SOME years ago I had to decide whether to ask that th respirator that was keeping my 85-year-old mother alive be turned off. I did ask. She died. The decision was painful. It was not difficult.
Mom had made her wishes clear in a living will, and her body's systems were misfiring randomly and shutting down one by one. Postponing death meant needless, if only subconscious, torment for her.
As unpleasant as all that was, I can't even imagine how much more traumatic it would have been if a grandstanding governor and state legislator had forced me to fight in the courts for the right to make a decision that state law permits.
That's the horror Michele Finn found herself in in Virginia when she decided to have the feeding tube removed from her husband, Hugh, who doctors agree has been in a "persistent vegetative state" since an automobile accident three and a half years ago.
Let's assume Gov. James S. Gilmore III and state legislator Robert G. Marshall are sincere in believing what's afoot here is the euthanasia they oppose as a companion violator of their anti-abortion principles. But even if honestly motivated, their intrusions can't be separated from their political context.
Michele and Hugh Finn and their families have become unwitting shuttlecocks in the battering back-and-forth of our open-ended and fiercely politicized culture war.
Mr. Gilmore isn't an eager ideological belligerent like his predecessor, fellow Republican George Allen, but as a conservative, his deference to the party's doctrinaire right is continuing. As attorney general, he joined efforts to overturn the NTC Brady gun-control bill, fought pollution regulations, ended a ban against public school buses carrying religious-school pupils and argued against homosexual rights.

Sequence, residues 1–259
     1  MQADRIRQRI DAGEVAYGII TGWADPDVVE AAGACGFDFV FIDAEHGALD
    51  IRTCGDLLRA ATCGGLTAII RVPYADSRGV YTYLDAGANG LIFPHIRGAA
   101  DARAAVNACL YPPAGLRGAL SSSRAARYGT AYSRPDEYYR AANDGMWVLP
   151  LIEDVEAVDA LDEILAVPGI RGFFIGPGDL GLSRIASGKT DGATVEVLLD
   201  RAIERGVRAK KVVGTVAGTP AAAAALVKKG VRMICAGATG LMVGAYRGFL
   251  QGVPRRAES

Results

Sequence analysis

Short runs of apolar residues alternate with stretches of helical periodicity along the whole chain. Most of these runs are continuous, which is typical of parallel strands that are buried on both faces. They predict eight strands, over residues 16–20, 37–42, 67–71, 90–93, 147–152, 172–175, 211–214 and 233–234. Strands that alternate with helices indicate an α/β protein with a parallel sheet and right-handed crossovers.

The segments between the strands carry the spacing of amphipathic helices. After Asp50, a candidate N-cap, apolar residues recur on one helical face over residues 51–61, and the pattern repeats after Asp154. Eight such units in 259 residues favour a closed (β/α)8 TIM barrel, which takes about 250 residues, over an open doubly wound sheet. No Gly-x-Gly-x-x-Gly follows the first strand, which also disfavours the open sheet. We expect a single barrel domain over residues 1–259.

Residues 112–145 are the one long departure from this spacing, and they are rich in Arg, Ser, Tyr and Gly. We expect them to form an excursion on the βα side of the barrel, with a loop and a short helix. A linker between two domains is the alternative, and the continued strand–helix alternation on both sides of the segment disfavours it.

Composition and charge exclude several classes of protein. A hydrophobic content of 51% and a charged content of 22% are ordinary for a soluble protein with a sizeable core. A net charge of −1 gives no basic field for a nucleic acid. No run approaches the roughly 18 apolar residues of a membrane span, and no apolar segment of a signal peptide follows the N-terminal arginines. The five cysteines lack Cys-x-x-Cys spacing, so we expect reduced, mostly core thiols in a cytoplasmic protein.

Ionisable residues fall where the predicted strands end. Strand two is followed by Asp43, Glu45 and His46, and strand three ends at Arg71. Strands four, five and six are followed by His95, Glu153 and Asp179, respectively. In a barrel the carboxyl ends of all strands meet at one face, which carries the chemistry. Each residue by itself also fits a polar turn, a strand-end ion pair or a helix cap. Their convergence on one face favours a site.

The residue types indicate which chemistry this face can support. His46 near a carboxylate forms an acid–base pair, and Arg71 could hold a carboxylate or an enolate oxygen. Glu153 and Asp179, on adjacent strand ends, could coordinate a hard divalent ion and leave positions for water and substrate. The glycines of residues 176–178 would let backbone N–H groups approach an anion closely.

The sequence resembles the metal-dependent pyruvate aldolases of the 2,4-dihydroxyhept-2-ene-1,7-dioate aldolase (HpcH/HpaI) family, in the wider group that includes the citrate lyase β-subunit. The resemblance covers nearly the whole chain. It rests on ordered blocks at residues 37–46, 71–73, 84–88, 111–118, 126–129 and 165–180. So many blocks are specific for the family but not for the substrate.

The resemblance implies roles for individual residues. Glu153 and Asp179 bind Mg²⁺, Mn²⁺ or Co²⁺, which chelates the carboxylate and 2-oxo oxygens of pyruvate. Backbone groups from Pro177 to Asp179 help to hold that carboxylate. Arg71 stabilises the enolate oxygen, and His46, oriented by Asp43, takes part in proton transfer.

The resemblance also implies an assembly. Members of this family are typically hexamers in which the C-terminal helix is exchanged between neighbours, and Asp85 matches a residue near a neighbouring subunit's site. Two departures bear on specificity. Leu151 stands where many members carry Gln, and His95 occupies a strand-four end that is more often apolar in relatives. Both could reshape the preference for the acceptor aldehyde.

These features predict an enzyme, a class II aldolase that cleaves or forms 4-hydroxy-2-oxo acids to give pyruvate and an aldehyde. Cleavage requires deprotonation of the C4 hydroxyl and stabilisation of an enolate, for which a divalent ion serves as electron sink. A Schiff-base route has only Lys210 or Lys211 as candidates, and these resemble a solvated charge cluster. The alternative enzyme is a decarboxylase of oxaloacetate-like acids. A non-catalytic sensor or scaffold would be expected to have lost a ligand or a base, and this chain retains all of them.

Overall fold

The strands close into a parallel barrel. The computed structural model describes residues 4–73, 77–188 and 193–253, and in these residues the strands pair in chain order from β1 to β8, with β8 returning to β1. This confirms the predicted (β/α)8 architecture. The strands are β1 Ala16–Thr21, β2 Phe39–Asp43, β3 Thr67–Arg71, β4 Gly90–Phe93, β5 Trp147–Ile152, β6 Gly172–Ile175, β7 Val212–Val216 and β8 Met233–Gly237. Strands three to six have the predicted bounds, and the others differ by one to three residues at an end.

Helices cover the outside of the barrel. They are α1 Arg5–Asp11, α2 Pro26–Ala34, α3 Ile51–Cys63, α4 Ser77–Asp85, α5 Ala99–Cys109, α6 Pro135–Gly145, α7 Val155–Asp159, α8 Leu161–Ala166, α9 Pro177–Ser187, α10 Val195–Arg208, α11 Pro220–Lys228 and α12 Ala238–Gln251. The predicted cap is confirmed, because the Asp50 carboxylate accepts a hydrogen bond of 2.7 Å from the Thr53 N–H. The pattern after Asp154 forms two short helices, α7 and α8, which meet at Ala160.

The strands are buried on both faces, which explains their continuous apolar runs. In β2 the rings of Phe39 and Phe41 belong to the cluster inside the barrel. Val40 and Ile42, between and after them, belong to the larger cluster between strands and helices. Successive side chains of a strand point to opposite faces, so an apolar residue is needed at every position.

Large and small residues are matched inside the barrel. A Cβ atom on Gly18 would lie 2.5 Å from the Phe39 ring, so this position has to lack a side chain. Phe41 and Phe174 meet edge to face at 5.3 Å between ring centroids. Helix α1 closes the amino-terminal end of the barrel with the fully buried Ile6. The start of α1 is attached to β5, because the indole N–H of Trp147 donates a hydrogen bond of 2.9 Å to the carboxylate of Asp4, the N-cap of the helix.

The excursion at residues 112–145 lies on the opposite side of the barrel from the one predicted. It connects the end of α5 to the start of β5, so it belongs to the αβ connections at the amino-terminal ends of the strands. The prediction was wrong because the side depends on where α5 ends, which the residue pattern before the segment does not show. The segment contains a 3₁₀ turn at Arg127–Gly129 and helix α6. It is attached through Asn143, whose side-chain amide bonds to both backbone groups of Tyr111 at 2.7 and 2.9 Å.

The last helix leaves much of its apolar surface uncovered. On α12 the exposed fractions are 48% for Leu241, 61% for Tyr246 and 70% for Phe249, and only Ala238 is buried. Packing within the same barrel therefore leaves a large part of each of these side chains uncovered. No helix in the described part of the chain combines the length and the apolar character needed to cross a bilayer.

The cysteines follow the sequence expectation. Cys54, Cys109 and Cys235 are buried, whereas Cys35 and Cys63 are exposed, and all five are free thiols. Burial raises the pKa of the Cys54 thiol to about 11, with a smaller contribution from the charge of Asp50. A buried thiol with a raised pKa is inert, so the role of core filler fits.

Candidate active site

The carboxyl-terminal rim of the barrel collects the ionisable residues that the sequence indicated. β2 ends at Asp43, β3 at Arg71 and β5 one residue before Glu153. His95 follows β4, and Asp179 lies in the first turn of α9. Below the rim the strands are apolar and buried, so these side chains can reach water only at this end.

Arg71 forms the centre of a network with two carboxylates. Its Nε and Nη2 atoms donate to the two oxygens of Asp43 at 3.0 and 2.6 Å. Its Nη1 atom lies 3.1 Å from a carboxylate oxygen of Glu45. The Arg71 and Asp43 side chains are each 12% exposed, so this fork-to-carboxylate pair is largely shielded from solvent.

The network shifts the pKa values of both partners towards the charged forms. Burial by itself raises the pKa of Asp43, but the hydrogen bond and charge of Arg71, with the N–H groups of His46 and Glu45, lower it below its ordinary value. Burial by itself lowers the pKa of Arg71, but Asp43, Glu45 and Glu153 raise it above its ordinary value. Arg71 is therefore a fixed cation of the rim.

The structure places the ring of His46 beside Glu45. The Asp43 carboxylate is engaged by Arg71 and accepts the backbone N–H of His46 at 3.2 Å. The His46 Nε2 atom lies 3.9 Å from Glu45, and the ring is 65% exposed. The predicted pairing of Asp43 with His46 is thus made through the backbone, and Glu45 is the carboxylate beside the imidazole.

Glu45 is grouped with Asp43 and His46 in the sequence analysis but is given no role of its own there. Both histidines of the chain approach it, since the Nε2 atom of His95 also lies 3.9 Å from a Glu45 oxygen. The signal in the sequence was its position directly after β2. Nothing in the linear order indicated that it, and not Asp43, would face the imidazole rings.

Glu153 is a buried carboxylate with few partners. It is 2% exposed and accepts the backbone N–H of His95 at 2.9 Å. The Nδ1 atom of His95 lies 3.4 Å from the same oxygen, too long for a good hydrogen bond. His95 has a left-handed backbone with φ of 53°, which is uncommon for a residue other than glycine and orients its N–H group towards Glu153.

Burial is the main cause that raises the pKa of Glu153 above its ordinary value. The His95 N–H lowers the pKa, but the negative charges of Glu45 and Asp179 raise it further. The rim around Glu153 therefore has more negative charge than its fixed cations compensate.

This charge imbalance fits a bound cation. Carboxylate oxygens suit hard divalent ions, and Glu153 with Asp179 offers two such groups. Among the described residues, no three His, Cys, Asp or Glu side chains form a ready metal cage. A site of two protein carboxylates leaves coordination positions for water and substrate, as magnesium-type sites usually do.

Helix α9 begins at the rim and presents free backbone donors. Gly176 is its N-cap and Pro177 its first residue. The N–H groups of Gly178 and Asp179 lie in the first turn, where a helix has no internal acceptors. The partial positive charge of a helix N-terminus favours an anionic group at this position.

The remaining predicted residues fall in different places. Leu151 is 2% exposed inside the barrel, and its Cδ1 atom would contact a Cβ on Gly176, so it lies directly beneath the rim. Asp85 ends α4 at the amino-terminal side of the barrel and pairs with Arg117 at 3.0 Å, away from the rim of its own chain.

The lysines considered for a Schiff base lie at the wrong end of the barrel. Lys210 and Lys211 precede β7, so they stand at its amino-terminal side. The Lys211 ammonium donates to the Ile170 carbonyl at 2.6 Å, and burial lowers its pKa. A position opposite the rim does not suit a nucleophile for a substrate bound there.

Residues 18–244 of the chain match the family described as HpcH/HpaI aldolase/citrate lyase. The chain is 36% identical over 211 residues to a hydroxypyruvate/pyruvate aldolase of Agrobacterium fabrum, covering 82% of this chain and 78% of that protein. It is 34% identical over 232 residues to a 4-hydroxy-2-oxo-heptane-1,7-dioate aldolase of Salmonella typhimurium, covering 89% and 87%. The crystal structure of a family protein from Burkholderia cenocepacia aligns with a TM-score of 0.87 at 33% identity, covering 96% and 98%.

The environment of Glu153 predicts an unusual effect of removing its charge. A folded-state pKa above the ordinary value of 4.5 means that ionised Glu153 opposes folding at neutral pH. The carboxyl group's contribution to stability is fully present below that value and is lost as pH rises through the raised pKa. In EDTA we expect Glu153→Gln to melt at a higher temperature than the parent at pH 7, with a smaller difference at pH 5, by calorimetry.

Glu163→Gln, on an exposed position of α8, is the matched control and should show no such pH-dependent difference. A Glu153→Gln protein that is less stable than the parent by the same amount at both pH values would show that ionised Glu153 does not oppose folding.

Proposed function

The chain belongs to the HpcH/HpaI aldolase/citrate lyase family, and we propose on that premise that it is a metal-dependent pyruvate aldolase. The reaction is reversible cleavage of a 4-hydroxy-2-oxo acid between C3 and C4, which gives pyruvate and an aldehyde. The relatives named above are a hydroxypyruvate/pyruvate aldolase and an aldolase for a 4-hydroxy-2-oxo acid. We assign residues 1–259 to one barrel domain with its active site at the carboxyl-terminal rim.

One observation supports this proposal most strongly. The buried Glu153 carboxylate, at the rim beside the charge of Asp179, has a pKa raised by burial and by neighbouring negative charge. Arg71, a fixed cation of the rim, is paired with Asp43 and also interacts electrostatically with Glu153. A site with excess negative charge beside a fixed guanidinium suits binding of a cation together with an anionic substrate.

Mr. Gilmore's inauguration this year found the hard-right Oliver North in the dignitaries' box, along with religious-right heavies Jerry Falwell and Pat Robertson. Mr. Robertson has contributed $50,000 to Gilmore campaigns.
Now Mr. Gilmore has twice hauled Michele Finn into state courts in an attempt to keep her husband technically alive, and the demonstrators, marching outside the nursing home, have abused her with nastiness like "Michele: Will You Eat While Hugh Starves?" The insensitivity to the living of supposedly pro-life zealots continues to astound, though it no longer should surprise.
In Congress and in the statehouses, anti-abortion and allied cultural throwbacks are pressing in dozens of small -- but cumulatively important -- ways to invade the most intimate sexual and other life issues of ordinary, unoffending Americans.
The Finns were spotted as a target of opportunity at a time when the family's privacy should have been counted virtually sacred. But, hey, you've got to put points on the political scoreboard when you can.
Tom Teepen is national correspondent for Cox Newspapers. His e-mail address: teepencolumnoxnews.com.
Pub Date: 10/06/98